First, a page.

Why You Should Trade Split Decisions for “Flip Decisions”
Use Flipism to make in-the-moment choices.
In their book The Leading Brain: Neuroscience Hacks to Work Smarter, Better, and Happier, Friederike Fabritis and Hans Hagemannthat describe flipping a coin as a powerful way to make decisions. But not in the way we’d normally expect.
Usually, we have two options. Option A is heads and Option B is tails. We flip the coin, and whichever side the coin lands on, we go with that option.
But this is not the ideal way to make decisions. There is a better, more intuitive way and it’s more reflective of what the brain actually wants. In his article at Inc.com, Jeff Haden writes:
“If you’re torn between two choices of seemingly equal merit, flip a coin. If you’re satisfied or relieved by the decision the coin made for you, then go with it.
On the other hand, if the result of the coin toss leaves you uneasy and even makes you wonder why you used a coin toss to decide such an important decision in the first place, then go with the other choice instead. Your ‘gut feeling’ alerted you to the ‘right’ decision.”
A study from researchers in Switzerland documented a similar process. They told participants that one side of the coin would allow them to take a job at a more prestigious firm with higher pay and longer hours, and the other side would be at a less prestigious firm with lower pay and more flexible hours.
The coin was then flipped into the air, but it was never revealed which side it landed on. Research participants were asked to decide which choice their subconscious brain wanted more while the coin was in the air. This choice revealed their underlying desire.
While the flipping of the coin acted as the catalyst for decision making in this study, a second study was performed. In it, researchers suggested participants go for specific choices in a restaurant menu.
It was clear that when certain menu items were suggested to participants, they formed stronger opinions about what they wanted. Their final decisions either leaned toward or strongly away from the recommended item.
Whether or not people followed the recommendation didn’t matter. What mattered was the fact that people became much more decisive.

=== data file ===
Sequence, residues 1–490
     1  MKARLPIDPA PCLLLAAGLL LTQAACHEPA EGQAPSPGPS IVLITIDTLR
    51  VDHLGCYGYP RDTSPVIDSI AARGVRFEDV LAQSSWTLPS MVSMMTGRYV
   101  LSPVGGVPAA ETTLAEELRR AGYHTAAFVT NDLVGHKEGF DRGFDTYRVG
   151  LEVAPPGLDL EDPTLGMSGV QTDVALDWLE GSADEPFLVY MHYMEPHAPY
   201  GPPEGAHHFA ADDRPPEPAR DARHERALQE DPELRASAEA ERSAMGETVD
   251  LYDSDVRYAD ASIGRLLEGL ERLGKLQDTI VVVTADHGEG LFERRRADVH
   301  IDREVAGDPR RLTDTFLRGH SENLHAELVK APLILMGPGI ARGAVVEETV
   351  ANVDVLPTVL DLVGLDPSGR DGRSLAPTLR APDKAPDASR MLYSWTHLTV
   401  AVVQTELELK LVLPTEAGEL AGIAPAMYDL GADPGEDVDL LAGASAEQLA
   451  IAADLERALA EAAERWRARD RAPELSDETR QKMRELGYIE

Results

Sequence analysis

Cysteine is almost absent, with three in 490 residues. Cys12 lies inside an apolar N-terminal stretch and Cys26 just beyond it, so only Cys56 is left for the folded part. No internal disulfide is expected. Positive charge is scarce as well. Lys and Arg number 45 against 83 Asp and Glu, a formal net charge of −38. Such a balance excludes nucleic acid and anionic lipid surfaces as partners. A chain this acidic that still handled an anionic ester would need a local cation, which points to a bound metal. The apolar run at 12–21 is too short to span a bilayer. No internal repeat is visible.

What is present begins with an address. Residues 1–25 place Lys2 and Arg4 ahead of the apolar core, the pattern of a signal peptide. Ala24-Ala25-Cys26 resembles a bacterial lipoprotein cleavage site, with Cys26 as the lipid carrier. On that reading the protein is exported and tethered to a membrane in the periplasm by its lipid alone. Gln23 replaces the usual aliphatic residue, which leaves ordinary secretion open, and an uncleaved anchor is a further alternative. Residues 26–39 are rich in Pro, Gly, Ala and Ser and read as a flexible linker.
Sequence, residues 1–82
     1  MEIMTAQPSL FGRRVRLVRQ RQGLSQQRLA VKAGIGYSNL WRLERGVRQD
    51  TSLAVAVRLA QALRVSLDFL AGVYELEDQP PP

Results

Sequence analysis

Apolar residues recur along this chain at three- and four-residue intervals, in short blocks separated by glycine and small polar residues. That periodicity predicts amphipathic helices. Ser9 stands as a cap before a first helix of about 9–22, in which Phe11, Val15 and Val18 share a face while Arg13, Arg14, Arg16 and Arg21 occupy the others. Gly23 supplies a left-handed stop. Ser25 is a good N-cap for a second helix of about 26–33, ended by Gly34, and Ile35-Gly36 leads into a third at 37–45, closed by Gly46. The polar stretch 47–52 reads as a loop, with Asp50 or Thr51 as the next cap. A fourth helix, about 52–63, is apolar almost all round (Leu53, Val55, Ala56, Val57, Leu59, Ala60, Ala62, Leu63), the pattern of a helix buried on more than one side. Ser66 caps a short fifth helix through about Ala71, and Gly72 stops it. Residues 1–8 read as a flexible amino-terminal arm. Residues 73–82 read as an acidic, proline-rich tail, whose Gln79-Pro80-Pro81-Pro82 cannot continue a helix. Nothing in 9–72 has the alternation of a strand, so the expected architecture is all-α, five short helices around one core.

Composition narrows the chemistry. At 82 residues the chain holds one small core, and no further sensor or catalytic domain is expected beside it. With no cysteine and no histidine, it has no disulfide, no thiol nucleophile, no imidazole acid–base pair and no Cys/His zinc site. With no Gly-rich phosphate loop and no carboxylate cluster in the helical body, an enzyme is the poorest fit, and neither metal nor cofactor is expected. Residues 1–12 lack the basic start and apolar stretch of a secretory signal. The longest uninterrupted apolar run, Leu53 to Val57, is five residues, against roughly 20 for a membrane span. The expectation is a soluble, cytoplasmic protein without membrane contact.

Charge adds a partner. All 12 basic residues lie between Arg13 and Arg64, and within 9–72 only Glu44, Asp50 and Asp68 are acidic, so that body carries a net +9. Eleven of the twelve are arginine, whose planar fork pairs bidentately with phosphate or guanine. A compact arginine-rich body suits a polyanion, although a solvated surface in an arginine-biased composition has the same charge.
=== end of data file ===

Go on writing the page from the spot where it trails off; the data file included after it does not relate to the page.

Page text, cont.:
This phenomenon is known as Flipism. Psynso describes Flipism as:
“[a] pseudophilosophy under which all decisions are made by flipping a coin. It originally appeared in the Disney comic “Flip Decision” by Carl Barks, published in 1953. Barks called a practitioner of “Flipism” a “Flippist.” Flipism can be seen as a normative decision theory, although it does not fulfil the criteria of rationality.”
Flipism should probably be taken with a grain of salt. However, when making split decisions or acting in the moment, it can be a really powerful tool.
In a piece about in-the-moment decision making, Neil Patel highlights the positive results he’s had using his instinct, and how those results compound when he became more and more confident in his gut. In fact, studies show that “the more you pay attention to the outcome of trusting your intuition in combination with facts, the better your future decision-making can become.”
The name “split decisions” simply reveals the conflict you face in those moments when you need to take them. The name doesn’t offer any solutions. “Flip decisions,” however, offer a valuable tool in deciphering which direction to go when you have a quick decision to make.
Toss the coin up in the air, forget about it, and your mind will be made.
Originally published here.
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